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Crime, Fidelity & A Little Surety

Crime is a simple word for a multitude of dishonest acts. Crimes range from a simple street robbery to a safe burglary to a kidnapping. These definitions may help our look at crime insurance:

  • Burglary— entering and leaving a premises with no legal right
  • Robbery— taking property from a person by threat of physical or mental harm
  • Theft— a catch-all category including the terms above
  • Extortion— surrender of property by threat of physical or mental harm to a person or related third party
  • Embezzlement— theft of others' property in your care

Before you buy crime insurance, review the coverage in your existing property insurance policies. Is your property insurance policy on a name peril basis? Or is it on an "everything is covered except" basis? It makes a difference! If it's a name peril, your need for separate crime insurance is likely to be important.

Crime insurance covers a broad range of activity:

  • robbery
  • burglary
  • theft
  • disappearance and destruction
  • fraud
  • forgery
  • embezzlement.

The available insurance coverage is divided into a number of areas. These cover only specific types of crimes. Make sure you and your agent consider your particular exposures to crime. Some businesses need coverage for outside sign theft. Other businesses require coverage for safe burglary. Others require only employee honesty coverage.

Some crime coverage may be available in other insurance policies. For example, kidnapping can be part of a Directors and Officers policy.

What Are Fidelity & Surety?

Fidelity protects against loss from the dishonest or fraudulent acts of employees. Surety refers to the activity of bonding a person or persons. A surety bond provides for monetary compensation if the bonded person or organization fails to perform in a correct manner. Bonds are very common. Regular bonding is required of some firms such as contractors. There are fiduciary bonds, license bonds, permit bonds among others.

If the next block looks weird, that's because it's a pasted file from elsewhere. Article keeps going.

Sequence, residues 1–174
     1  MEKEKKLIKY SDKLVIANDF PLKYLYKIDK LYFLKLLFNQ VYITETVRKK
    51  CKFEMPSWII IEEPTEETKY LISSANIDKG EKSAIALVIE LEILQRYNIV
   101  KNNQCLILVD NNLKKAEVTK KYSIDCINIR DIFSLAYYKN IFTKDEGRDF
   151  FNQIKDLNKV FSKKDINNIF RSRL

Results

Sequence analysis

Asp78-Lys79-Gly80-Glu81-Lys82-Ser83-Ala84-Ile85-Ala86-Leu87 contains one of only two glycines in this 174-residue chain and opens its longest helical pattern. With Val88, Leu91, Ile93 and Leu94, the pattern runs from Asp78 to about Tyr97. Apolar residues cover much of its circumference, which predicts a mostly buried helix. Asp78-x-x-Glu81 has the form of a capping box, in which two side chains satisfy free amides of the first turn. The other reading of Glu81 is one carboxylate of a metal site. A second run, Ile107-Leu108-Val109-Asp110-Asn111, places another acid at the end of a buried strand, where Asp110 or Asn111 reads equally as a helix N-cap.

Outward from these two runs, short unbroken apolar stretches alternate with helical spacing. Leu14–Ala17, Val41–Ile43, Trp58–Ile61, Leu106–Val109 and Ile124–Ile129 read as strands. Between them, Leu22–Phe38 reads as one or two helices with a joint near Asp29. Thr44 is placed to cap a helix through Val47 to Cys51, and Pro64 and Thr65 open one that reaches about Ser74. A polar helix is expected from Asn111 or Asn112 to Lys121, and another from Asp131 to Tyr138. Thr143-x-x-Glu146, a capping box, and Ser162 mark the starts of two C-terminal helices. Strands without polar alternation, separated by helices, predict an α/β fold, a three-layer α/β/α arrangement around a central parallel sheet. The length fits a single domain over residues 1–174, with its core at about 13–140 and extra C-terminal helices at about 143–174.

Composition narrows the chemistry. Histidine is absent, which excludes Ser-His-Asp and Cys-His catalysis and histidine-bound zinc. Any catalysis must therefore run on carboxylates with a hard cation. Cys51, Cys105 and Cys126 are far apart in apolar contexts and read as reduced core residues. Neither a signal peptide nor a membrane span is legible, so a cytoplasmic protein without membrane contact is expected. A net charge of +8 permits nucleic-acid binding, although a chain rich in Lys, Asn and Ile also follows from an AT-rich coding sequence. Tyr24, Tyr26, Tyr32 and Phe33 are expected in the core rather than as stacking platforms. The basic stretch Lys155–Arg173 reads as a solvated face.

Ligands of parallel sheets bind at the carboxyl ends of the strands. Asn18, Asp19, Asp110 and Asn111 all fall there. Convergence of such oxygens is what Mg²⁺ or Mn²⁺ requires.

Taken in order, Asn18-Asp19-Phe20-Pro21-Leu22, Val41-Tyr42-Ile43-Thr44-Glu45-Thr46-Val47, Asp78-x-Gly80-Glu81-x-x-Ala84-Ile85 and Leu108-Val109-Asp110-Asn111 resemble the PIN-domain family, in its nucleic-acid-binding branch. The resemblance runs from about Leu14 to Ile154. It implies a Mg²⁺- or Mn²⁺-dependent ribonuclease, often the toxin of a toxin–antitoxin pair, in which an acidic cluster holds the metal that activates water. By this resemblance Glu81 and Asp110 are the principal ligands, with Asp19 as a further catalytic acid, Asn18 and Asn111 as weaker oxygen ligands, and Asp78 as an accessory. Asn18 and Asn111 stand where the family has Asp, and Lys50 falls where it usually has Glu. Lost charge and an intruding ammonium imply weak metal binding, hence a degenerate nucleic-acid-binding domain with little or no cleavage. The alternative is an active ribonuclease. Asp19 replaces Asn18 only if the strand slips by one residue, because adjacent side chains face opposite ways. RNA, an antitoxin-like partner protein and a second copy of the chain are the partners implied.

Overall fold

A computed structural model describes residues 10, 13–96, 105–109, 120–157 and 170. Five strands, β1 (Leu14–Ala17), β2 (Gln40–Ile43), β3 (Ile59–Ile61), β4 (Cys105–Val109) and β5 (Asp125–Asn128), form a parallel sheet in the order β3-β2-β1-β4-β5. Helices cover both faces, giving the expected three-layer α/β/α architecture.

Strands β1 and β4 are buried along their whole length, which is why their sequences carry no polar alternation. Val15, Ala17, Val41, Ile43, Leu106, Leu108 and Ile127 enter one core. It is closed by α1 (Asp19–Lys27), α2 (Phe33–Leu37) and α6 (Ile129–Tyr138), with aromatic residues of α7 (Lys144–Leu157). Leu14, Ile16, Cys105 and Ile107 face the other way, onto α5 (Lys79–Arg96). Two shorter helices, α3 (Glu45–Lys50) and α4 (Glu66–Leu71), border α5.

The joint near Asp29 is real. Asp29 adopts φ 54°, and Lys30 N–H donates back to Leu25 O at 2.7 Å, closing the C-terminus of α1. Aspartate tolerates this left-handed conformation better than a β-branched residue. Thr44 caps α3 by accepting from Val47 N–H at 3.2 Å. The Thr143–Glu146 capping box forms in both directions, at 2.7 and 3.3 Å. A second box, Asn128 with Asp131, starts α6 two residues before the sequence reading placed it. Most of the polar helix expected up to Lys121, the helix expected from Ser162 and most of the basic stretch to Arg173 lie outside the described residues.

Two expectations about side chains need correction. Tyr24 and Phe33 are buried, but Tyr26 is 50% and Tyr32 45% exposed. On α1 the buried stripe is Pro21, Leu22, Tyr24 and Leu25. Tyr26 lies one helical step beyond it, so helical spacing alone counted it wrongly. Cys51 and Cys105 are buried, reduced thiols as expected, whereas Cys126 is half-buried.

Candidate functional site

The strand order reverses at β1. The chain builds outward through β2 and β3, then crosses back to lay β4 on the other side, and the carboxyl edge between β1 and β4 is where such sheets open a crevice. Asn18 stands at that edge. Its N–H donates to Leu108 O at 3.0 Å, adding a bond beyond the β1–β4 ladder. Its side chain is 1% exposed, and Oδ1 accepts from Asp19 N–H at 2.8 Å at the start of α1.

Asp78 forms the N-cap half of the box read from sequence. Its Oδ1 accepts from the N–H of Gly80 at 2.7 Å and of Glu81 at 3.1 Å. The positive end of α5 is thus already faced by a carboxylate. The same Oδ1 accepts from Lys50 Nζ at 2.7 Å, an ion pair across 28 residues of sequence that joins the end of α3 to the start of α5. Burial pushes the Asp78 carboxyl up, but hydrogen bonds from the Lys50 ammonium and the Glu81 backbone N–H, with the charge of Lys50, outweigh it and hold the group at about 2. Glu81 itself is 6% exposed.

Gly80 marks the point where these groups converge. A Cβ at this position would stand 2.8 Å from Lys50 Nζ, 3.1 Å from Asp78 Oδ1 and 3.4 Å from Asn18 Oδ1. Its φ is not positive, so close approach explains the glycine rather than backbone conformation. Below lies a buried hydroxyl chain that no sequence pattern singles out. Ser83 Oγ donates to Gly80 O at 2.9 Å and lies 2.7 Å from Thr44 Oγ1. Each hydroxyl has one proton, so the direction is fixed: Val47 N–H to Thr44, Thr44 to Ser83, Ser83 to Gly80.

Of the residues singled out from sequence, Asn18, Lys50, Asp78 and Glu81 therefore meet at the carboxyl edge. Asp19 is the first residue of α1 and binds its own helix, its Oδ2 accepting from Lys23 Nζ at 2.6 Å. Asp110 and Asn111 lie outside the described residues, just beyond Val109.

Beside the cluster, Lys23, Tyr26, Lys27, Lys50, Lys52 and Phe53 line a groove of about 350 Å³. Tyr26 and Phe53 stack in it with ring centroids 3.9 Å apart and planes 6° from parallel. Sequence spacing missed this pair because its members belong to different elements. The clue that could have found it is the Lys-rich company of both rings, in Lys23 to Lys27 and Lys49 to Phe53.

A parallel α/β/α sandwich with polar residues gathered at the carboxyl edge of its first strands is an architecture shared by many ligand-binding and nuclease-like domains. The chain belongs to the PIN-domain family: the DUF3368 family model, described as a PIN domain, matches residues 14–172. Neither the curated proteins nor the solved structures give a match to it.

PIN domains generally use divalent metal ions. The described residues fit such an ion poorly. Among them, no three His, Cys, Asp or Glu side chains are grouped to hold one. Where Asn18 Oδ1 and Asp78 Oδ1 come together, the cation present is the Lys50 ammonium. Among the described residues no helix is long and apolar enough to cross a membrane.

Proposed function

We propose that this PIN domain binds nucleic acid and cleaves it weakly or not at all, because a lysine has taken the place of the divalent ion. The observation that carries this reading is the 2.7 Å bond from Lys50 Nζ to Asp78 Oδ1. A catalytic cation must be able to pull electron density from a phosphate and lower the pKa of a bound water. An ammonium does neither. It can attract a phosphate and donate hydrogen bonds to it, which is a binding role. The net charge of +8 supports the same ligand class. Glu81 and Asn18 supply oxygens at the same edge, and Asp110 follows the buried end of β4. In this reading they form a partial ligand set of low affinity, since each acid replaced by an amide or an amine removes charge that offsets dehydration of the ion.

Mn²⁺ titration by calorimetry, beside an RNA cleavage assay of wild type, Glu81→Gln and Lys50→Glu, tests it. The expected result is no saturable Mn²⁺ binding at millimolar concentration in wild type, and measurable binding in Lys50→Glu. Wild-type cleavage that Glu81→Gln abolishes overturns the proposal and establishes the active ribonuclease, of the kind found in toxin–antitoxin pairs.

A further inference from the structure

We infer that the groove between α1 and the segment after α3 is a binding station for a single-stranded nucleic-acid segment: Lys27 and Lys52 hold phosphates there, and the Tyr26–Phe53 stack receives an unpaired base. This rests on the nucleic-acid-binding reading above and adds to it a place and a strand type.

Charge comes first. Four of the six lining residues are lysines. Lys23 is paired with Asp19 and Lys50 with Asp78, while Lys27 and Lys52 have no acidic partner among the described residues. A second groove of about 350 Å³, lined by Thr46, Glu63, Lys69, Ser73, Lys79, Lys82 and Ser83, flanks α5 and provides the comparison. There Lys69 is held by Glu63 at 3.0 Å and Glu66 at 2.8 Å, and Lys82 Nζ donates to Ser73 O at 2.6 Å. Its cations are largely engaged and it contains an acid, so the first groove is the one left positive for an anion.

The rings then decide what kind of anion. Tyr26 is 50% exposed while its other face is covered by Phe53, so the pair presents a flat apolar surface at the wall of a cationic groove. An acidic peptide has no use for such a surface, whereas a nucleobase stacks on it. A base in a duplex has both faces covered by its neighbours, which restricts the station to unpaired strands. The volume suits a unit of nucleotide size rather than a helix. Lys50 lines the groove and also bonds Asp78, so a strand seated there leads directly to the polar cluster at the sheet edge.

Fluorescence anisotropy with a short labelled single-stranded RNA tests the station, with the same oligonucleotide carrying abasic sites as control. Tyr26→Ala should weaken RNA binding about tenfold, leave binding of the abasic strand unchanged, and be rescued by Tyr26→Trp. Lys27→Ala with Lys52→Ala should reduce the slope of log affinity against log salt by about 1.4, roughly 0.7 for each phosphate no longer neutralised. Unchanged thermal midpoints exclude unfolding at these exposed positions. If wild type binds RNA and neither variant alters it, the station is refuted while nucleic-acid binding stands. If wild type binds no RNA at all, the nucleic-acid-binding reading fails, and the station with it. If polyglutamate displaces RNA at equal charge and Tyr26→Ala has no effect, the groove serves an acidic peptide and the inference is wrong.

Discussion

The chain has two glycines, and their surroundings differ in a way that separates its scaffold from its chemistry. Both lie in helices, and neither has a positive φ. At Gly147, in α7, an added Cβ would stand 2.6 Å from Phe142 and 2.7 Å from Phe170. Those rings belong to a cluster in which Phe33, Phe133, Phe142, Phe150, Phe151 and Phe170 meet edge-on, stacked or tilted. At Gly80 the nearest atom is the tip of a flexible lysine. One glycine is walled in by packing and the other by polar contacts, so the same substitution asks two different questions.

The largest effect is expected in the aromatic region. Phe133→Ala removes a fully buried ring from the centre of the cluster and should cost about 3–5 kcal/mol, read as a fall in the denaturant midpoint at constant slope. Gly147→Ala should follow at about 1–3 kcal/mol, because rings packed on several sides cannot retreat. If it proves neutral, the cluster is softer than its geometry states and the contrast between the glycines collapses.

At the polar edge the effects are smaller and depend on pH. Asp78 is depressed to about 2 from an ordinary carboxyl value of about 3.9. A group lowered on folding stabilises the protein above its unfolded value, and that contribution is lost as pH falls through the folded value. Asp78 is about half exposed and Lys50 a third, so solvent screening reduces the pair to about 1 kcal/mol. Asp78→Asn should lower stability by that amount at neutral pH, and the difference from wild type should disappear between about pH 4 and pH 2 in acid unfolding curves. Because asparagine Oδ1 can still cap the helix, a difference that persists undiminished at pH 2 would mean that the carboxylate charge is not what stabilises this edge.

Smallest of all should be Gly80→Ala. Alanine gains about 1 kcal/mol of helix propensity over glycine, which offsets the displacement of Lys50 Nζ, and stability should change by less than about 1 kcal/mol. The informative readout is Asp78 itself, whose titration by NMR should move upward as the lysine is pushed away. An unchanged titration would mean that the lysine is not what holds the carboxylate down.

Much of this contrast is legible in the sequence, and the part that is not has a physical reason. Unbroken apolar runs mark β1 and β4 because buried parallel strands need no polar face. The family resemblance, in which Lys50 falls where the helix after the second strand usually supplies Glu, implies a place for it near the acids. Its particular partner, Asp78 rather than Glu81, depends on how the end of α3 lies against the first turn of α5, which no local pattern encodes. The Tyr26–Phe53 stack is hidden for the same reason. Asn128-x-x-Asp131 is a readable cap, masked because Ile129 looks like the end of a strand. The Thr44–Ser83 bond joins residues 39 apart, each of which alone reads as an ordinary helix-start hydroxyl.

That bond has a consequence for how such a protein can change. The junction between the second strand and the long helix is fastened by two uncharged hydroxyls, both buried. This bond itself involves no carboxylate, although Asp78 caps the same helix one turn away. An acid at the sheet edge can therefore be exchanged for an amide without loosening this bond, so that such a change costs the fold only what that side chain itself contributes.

* Tip. The most trusted employee may turn to crime. How? Under the pressure of family money draining illness or serious money problems. Crime may not pay, but insurance does.

ISO and the Surety Association of America (SAA) both offer fidelity protection against employee criminal acts. We'll use ISO's crime program as a basis here.

Do I Need A Separate Crime Policy?

Your business needs crime insurance if:

  • its property insurance doesn't offer crime coverage.
  • a significant amount of money or securities passes through its hands.
  • any employees have the opportunity to steal large amounts of money or valuable property.

Crime Insurance: Forms

Remember "claims made" policies? Crime insurance has a similar discovery form. A loss sustained form accompanies this.

Why two forms? Because employee-related crimes are silent crimes. Silent crimes are ones that may take place over a long period of time. They're often difficult to discover. The discovery form covers you for undiscovered employee crimes, even if they occurred before the policy began.

The ISO program allows crime coverage to be a separate crime policy. Or it can be a coverage part to join your other property coverage. Seven types of crime coverage are offered. You may take one, several, or all seven. The seven are:

  1. Employee Theft
  2. Forgery or Alteration
  3. Inside the Premises - Theft of Money & Securities
  4. Inside the Premises - Robbery or Safe Burglary of Other Property
  5. Outside the Premises
  6. Computer Fraud